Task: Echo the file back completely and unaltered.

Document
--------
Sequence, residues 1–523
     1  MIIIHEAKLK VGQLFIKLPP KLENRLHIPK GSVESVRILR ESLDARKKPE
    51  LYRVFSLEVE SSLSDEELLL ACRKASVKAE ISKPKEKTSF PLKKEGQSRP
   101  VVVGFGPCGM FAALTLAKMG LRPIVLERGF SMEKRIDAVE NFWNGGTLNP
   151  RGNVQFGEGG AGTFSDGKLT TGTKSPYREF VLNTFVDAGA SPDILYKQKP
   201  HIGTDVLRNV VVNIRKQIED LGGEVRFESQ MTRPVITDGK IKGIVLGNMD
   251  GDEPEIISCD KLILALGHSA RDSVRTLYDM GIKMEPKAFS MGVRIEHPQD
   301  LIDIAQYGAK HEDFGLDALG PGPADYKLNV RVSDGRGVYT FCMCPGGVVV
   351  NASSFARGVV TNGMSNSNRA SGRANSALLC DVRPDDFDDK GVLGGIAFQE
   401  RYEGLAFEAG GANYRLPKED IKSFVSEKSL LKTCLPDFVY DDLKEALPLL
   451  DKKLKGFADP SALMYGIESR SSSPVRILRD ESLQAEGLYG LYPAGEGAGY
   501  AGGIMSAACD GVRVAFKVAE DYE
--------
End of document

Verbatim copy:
Sequence, residues 1–523
     1  MIIIHEAKLK VGQLFIKLPP KLENRLHIPK GSVESVRILR ESLDARKKPE
    51  LYRVFSLEVE SSLSDEELLL ACRKASVKAE ISKPKEKTSF PLKKEGQSRP
   101  VVVGFGPCGM FAALTLAKMG LRPIVLERGF SMEKRIDAVE NFWNGGTLNP
   151  RGNVQFGEGG AGTFSDGKLT TGTKSPYREF VLNTFVDAGA SPDILYKQKP
   201  HIGTDVLRNV VVNIRKQIED LGGEVRFESQ MTRPVITDGK IKGIVLGNMD
   251  GDEPEIISCD KLILALGHSA RDSVRTLYDM GIKMEPKAFS MGVRIEHPQD
   301  LIDIAQYGAK HEDFGLDALG PGPADYKLNV RVSDGRGVYT FCMCPGGVVV
   351  NASSFARGVV TNGMSNSNRA SGRANSALLC DVRPDDFDDK GVLGGIAFQE
   401  RYEGLAFEAG GANYRLPKED IKSFVSEKSL LKTCLPDFVY DDLKEALPLL
   451  DKKLKGFADP SALMYGIESR SSSPVRILRD ESLQAEGLYG LYPAGEGAGY
   501  AGGIMSAACD GVRVAFKVAE DYE